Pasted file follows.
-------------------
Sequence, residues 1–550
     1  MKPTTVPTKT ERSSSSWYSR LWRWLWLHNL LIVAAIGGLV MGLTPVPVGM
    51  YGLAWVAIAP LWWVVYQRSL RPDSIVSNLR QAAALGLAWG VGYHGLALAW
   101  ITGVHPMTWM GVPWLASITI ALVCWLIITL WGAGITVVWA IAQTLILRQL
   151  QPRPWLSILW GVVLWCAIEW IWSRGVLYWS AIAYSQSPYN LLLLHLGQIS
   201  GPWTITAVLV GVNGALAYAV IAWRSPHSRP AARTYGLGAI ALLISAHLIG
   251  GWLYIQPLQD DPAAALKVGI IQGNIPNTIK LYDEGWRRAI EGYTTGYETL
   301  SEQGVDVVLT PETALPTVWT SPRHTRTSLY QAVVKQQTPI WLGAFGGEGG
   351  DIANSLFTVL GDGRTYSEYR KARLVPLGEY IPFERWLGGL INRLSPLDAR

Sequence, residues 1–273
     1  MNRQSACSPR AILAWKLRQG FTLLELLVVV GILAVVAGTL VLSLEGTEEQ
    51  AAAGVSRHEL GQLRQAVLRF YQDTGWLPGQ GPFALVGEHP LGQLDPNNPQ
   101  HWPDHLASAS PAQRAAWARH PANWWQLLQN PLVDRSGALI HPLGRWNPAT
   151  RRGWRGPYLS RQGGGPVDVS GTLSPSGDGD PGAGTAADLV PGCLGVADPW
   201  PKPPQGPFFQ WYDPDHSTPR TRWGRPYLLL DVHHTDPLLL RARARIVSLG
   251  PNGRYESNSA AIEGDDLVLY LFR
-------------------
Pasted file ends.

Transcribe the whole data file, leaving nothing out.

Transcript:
Sequence, residues 1–550
     1  MKPTTVPTKT ERSSSSWYSR LWRWLWLHNL LIVAAIGGLV MGLTPVPVGM
    51  YGLAWVAIAP LWWVVYQRSL RPDSIVSNLR QAAALGLAWG VGYHGLALAW
   101  ITGVHPMTWM GVPWLASITI ALVCWLIITL WGAGITVVWA IAQTLILRQL
   151  QPRPWLSILW GVVLWCAIEW IWSRGVLYWS AIAYSQSPYN LLLLHLGQIS
   201  GPWTITAVLV GVNGALAYAV IAWRSPHSRP AARTYGLGAI ALLISAHLIG
   251  GWLYIQPLQD DPAAALKVGI IQGNIPNTIK LYDEGWRRAI EGYTTGYETL
   301  SEQGVDVVLT PETALPTVWT SPRHTRTSLY QAVVKQQTPI WLGAFGGEGG
   351  DIANSLFTVL GDGRTYSEYR KARLVPLGEY IPFERWLGGL INRLSPLDAR

Sequence, residues 1–273
     1  MNRQSACSPR AILAWKLRQG FTLLELLVVV GILAVVAGTL VLSLEGTEEQ
    51  AAAGVSRHEL GQLRQAVLRF YQDTGWLPGQ GPFALVGEHP LGQLDPNNPQ
   101  HWPDHLASAS PAQRAAWARH PANWWQLLQN PLVDRSGALI HPLGRWNPAT
   151  RRGWRGPYLS RQGGGPVDVS GTLSPSGDGD PGAGTAADLV PGCLGVADPW
   201  PKPPQGPFFQ WYDPDHSTPR TRWGRPYLLL DVHHTDPLLL RARARIVSLG
   251  PNGRYESNSA AIEGDDLVLY LFR